Volvo Cars Impose Speed Limit on All Cars

Volvo Cars Impose Speed Limit On All Cars
The new Volvo S60 R-Design exterior. (Photo: Volvo)

To highlight the dangers of speeding, Volvo Cars is limiting the top speed on all its cars to 180 kph from 2020.

The company’s vision for 2020 aims to ensure no driver is injured or killed in the new Volvo.

“Volvo is a leader in safety: we always have been, and we always will be,” said Håkan Samuelsson, President and Chief Executive Officer. “Because of our research, we know where the problem areas are when it comes to ending serious injuries and fatalities in our cars. And while a speed limitation is not a cure-all, it’s worth doing if we can even save one life.”

The company is conducting further research on how a combination of smart speed control and geofencing technology could automatically limit speeds around schools and hospitals in the future.

When a car reaches a certain speed, in-car safety technology and smart infrastructure designs are no longer able to keep the driver completely safe. Despite having speed limits on streets, speeding is still one of the most common reasons for fatalities in accidents. Traffic accident data from the National Highway and Traffic Safety Administration confirms this as 25% of all traffic fatalities in the U.S. in 2017 were caused by speeding.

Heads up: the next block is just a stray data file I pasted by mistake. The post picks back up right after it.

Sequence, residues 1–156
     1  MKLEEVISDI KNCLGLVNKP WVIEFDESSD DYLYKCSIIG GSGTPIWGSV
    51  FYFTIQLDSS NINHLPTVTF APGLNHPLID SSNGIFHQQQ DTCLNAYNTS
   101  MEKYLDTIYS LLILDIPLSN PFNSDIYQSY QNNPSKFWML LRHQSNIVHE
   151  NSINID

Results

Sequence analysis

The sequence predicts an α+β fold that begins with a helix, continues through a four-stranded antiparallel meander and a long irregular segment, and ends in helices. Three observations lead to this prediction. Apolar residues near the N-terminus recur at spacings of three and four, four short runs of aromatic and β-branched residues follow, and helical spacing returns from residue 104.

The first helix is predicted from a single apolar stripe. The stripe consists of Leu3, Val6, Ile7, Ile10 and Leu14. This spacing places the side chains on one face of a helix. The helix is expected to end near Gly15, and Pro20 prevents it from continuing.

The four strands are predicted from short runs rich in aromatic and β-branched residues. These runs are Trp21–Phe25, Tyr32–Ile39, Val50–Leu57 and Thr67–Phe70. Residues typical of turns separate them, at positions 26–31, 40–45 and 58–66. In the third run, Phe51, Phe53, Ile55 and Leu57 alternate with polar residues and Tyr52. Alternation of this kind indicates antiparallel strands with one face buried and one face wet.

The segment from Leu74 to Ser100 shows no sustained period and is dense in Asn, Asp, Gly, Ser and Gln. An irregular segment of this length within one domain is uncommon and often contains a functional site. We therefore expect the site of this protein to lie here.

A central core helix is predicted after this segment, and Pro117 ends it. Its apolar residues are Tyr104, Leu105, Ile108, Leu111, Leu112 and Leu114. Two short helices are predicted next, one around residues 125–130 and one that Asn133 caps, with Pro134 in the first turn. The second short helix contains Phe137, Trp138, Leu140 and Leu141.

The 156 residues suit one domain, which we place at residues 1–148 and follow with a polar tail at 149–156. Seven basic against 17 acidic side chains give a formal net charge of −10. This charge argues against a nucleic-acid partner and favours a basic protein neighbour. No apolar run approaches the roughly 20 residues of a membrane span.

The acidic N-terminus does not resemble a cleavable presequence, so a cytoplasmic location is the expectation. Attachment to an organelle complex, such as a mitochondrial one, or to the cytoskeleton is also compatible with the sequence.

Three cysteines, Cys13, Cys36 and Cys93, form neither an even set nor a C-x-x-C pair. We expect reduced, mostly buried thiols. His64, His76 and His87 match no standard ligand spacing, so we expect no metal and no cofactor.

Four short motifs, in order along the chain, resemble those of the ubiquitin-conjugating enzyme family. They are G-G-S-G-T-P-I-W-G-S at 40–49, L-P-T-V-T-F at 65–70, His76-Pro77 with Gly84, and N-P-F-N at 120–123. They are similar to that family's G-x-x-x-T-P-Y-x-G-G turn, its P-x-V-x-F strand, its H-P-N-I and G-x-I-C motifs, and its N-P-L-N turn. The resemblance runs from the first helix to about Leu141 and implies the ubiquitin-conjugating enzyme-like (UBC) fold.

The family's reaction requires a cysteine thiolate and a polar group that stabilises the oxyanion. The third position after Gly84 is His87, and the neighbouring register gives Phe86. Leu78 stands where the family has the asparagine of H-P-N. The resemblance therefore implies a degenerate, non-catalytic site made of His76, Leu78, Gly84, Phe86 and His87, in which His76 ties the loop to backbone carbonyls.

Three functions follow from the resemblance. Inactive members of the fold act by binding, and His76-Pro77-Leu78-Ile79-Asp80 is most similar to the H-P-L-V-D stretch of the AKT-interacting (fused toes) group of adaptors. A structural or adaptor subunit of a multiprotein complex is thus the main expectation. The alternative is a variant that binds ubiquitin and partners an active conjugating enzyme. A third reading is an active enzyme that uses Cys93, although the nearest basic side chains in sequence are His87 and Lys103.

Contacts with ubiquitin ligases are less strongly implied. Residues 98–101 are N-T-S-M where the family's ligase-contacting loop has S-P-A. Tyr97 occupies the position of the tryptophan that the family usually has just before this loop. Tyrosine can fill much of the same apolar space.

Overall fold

“As humans, we all understand the dangers with snakes, spiders, and heights. With speeds, not so much,” said Jan Ivarsson, one of Volvo Cars’ leading safety experts. “People often drive too fast in a given traffic situation and have poor speed adaption in relation to that traffic situation and their own capabilities as a driver. We need to support better behaviour and help people realize and understand that speeding is dangerous.”

Håkan Samuelsson, Volvo Cars President & Chief Executive Officer

However, Volvo understands the technology alone cannot accomplish this. Instead, the company’s research indicates that there are two other factors, apart from speeding, that need to be taken into consideration to accomplish such an ambitious goal. The first is intoxication with people driving under the influence of alcohol and drugs despite it being illegal. The second is distracted driving.

“We want to start a conversation about whether car makers have the right or maybe even an obligation to install technology in cars that change their driver’s behaviour, to tackle things like speeding, intoxication or distraction,” said Samuelsson. “We don’t have a firm answer to this question but believe we should take leadership in the discussion and be a pioneer.”

Volvo Cars will present ideas to tackle the problems of intoxication and distraction at a special safety event in Gothenburg, Sweden on March 20.

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